“Pockets of Plenty: An Archaeology of Mobile Media” presented by Huhtamo


Presentation Title:

  • Pockets of Plenty: An Archaeology of Mobile Media



  • Look for words like ‘mobile’, ‘portable’, ‘wearable’, or ‘nomadic’ from any standard media history, say, Brian Winston’s Media Technology and Society, A History: From the Telegraph to the Internet (374 pages, 1998), and be ready for a surprise: they are not there.1) At best, what you may find are a few hasty references, usually from the concluding pages of the book. Media histories have been constructed upon the idea of media as fixed coordinate systems changes to the ways in which humans perceived temporality in relation to space. The development of the urban metropolis emphasized the role of the automobile as a mobile prosthesis and an extension of the home, particularly in extreme environments like Los Angeles. Elsewhere, it was linked to other forms of urban mobility, often combining the use of public transportations like taxis and the underground with the -proto-motion- extreme environments like Los Angeles. Elsewhere, it was linked to other forms of urban mobility, often combining the use of public transportations like taxis and the underground with the “proto-motion” of walking. Purportedly there are various modes of urban walking, from goal-oriented darting along pre-defined vectors to leisurely “urban roaming” (derived by critics from Walter Benjamin’s reading of Baudelaire’s flaneur) Whether by driving, walking or even flying, we are spending much of our time within non-descript venues defined by Marc Auge as “non-places”.2) While doing so, using mobile media – mobile phones, pocket cameras, car radios, CPS tracking devices, FDA’s, pagers, Gameboys, iPods – has become a self-evident practice for us.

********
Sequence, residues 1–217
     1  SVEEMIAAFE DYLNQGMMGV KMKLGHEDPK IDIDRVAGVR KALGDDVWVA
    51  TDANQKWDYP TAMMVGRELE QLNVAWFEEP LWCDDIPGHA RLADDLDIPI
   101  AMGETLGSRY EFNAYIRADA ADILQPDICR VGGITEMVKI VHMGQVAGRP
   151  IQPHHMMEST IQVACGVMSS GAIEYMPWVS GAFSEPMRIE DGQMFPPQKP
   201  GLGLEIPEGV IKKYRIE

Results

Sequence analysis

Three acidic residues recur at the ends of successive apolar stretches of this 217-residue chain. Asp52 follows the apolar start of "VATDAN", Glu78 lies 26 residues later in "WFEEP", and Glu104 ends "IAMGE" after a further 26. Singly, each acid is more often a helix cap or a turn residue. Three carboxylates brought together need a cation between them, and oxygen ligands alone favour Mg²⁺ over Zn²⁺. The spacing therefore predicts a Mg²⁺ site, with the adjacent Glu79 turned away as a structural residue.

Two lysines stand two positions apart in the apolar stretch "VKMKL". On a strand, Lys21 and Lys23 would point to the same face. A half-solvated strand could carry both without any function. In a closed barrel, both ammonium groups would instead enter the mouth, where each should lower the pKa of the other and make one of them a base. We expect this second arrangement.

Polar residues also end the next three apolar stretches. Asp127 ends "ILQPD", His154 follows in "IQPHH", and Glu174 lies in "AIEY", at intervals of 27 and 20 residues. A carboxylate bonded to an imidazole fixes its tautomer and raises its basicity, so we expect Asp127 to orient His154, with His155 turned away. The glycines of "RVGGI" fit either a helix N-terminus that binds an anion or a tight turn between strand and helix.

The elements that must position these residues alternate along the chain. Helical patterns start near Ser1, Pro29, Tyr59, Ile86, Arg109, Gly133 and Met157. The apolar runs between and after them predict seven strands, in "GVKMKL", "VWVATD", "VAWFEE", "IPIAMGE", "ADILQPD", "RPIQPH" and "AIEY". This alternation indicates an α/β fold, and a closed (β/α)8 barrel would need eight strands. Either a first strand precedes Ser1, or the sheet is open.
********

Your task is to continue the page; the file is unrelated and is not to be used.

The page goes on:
Why have media historians neglected mobile media? Did mobile media really appear so unexpectedly? Could the suddenness of its appearance be an illusion, caused by our inability to perceive the past from an appropriate perspective? Is it possible to excavate enough “traces” to develop an “archaeology of mobile media-, a cultural mapping of those phenomena that have raised issues about media and mobility in earlier contexts? How would such a mapping help us understand the current uses of mobile media and the discussions surrounding them? These are the premises underlying the present article, an early mapping of the territory.

    Prolegomena to Mobile Media

    There is nothing self-evident in the connection between “mobile” and “media”. Being in “perpetual contact” with absent people by means of a portable device would have made little sense for the inhabitants of a medieval village, who rarely travelled and stayed within a limited radius all their Lives. Daily communication was based on regular face-to-face encounters with familiar people. If the idea of remote communication was evoked, it probably addressed metaphysical realities in the form of a prayer. However, much the same could be said about the leisurely lifestyles of the landed gentry during the seventeenth and the eighteenth centuries. The habit of listening to MP3 files through headphones with the iPod while strolling in an English garden would not have made much sense either in an environment where noise and crowds weren’t problems.